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February 26, 2008


Oh, I love this prose poem, and the photo is stunning.

This is so beautiful, both words and photo. A precious distillation of a moment. The visual spectrum all in black and white: the snow, the coat, the type on the screen, the piano keys. But the sound unrestricted, leaping out and around, the bell of each note, the patterns, the swish and roundness of the Italian words. Just wonderful.

hmm, since when are courante and rondeau Italian? I guess I conflated them with tempo instructions, which are, I think, usually Italian?

Thanks, Marja-Leena! We have SO MUCH new snow here today! This is the winter that won't quit.

Jean, thanks. The language issue drove me to my music dictionary to be able to respond accurately. Yes, tempo marking are usually in Italian, but in Bach's Partitas, and English and French Suites, the different pieces in each set are marked with names, usually types of 16th-17th century dances, that had specific metrical and stylistic qualities. Depending on what edition you get, the names can be written as "Courante" (Fr) or "Corrente" (It), "Rondeau" or "Rondo," plus many others: allemande, gigue, bouree, minuet, sarabande. And it gets worse: a typical Italian corrente is in quick triple time (3/4) with continuous running figures, while a French courante shifts back and forth between 3/2 and 6/4 with occasional syncopated rhythms. Bach wrote both kinds. (I was thinking of "courantes" drawing lines and "rondeaus" drawing circles.) Capriccios are whimsical pieces, usually quite fast, and the one I was working on yesterday is fantastic but too difficult for me to ever play up to speed; the entire 2nd Partita plays with syncopation and by the time you get to the capriccio, the last movement, Bach is sounding like jazz.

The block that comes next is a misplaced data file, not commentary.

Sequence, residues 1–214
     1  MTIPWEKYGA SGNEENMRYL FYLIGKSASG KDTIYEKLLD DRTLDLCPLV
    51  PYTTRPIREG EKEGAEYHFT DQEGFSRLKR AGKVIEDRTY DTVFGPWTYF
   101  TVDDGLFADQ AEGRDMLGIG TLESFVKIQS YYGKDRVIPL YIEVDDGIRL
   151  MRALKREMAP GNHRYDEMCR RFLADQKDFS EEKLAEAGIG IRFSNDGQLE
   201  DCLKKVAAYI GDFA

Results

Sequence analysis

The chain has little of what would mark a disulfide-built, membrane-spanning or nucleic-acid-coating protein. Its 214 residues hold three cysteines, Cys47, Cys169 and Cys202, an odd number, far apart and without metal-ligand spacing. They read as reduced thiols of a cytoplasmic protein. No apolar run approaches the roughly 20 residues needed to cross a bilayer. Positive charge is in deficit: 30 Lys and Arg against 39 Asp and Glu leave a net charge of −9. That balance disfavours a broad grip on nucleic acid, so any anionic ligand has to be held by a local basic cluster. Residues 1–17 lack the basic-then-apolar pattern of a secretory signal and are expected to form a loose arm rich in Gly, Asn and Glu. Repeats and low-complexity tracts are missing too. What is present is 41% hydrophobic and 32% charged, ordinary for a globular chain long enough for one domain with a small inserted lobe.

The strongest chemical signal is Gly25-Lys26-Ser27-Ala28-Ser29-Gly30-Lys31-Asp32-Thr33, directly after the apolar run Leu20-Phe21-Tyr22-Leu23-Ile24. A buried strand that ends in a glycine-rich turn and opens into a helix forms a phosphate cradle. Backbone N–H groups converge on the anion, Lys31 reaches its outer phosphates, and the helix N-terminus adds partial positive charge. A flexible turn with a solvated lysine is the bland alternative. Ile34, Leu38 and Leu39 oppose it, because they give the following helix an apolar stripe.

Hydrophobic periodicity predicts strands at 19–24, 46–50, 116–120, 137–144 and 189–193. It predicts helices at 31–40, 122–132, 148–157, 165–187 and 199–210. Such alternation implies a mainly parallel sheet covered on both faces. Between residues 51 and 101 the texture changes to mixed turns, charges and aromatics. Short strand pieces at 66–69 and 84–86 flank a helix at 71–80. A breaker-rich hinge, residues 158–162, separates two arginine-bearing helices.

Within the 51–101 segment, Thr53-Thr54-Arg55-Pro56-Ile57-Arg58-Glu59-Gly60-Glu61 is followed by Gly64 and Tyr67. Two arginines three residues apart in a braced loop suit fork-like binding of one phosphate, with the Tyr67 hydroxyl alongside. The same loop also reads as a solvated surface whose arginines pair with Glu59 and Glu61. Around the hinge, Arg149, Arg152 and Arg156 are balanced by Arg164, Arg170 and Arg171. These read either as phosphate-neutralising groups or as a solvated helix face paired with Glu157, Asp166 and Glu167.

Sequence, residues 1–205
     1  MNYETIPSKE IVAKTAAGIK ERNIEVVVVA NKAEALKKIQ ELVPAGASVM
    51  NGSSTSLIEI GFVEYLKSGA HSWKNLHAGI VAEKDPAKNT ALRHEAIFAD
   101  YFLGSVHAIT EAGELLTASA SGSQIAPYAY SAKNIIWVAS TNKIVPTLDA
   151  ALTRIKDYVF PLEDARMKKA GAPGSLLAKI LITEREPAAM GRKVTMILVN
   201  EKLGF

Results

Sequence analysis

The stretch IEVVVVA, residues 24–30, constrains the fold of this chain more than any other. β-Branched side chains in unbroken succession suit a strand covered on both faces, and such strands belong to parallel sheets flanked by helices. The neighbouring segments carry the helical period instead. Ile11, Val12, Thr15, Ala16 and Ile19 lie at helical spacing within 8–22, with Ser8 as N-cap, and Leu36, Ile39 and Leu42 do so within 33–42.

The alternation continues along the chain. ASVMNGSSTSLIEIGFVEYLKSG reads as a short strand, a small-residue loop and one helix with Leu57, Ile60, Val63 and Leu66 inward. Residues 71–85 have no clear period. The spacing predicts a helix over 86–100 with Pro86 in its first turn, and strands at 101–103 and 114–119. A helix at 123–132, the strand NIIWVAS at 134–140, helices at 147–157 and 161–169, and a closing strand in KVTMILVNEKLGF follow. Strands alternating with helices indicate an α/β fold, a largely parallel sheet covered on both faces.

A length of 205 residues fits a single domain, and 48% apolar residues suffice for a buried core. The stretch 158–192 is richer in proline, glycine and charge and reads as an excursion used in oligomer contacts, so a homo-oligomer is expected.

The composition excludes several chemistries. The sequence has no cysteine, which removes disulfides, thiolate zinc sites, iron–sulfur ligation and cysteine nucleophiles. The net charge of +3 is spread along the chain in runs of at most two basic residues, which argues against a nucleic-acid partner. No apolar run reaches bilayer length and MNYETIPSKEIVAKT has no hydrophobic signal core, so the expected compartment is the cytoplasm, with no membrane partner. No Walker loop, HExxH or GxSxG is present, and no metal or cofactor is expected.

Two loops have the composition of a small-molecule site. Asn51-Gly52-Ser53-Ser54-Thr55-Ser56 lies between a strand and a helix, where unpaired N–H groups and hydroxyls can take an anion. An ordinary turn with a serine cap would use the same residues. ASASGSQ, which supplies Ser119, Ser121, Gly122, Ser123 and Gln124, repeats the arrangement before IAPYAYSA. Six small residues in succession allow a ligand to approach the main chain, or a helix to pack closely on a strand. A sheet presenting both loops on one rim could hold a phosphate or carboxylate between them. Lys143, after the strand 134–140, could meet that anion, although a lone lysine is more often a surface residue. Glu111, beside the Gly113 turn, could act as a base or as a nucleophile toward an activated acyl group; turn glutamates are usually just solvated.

Will have to put on my Yo Yo Ma playing the Sonatas and Partitas now. Flawless music - and beautiful capture here!

What a lovely photo. Pure white and slushy dirtied snow.

Thanks, Theriomorph. I agree - Bach feels like perfect music for these winter days.

Thanks a lot, Szerelem - I'm glad you liked the photo. I've had it in my picture folder since Christmas time, and was waiting for the right post to come along - this one seemed appropriate!

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Who was Cassandra?

  • In the Iliad, she is described as the loveliest of the daughters of Priam (King of Troy), and gifted with prophecy. The god Apollo loved her, but she spurned him. As a punishment, he decreed that no one would ever believe her. So when she told her fellow Trojans that the Greeks were hiding inside the wooden horse...well, you know what happened.